Many have contemplated the interrelatedness of oil and war, and this thought has been outweighed perhaps by more interpersonal matters at home.  Jerry Warner and P.W. Singer's 'Fueling the “Balance”: A Defense Energy Strategy Primer' explores the recent problems with US petroleum based tactical operations and how the costs of petroleum based vehicles used in conflict waste the United States Department of Defense billions in spending.  In the paper, the Center for Naval Analysis is cited saying “Inefficient use and overreliance on oil burdens the military, undermines combat effectiveness, and exacts a huge pricetag—in dollars and lives.”

By addressing problems in the financial inefficiency of the old system, Washington leaders are asked to understand the relationship that energy efficient military operations will have on the battlefield and in the DoD's pockets.  Beyond understanding, Singer and Warner suggest political leaders to begin discourse in an effort to expand approval, and hasten research and development for new energy sources.  "The goal of such a speech would not just be to outline a broader vision, but also to demonstrate his personal investment in the issue and recognition of its seriousness, creating a call to action for both military institutions as well as contractors. This opportunity might also be used to announce the creation of certain programs and incentives, including innovative competitions along the lines of DARPA’s Grand Challenge, which helped jumpstart the unmanned systems realm."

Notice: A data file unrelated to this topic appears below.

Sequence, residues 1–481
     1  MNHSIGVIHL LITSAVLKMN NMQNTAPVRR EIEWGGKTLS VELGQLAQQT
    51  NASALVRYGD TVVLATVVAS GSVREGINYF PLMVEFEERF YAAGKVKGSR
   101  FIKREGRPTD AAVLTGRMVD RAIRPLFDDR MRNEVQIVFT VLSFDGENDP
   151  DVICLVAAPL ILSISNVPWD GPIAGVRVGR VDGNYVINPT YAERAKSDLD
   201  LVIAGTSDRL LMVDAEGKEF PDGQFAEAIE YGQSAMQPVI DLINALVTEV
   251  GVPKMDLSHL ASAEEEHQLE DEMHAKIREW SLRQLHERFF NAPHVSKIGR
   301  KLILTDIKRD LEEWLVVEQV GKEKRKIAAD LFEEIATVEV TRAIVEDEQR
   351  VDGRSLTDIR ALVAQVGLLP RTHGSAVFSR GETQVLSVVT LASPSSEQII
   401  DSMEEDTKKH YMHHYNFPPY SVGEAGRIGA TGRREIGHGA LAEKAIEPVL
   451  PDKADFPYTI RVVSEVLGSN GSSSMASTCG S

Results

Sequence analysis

The authors provide a sensible policy paper, which accurately envisions new logistical concerns in terms of future military energy demands if the US desires to effectively "lead the way again."  If the public desires change in energy efficiency, it should pursue and/or support the DoD and the US legislature's approval of more efficient energy sources in war.  By supporting this policy, people in the coming years can look forward to paying less.  Some even imply that a new direction in energy utilization would change the scope of war.  According to the Center for Naval Analysis, "US dependence weakens international leverage, undermines foreign policy objectives, and entangles America with unstable or hostile regimes." R&D in new energy sources could reduce the foreign conflict and shrink the theater of war.  However, this a shallow assertion when considering new US cubicle warriors who operate foreign missions 24/7 from a computer.

Nonetheless, DARPA's new energy sources could end with a fate similar to ARPANET and its consequential rise of the World Wide Web.  If new energy sources are expected to encapsulate energy consumption demands on earth, it may not surprise some to think that the internet will play an active role in its success.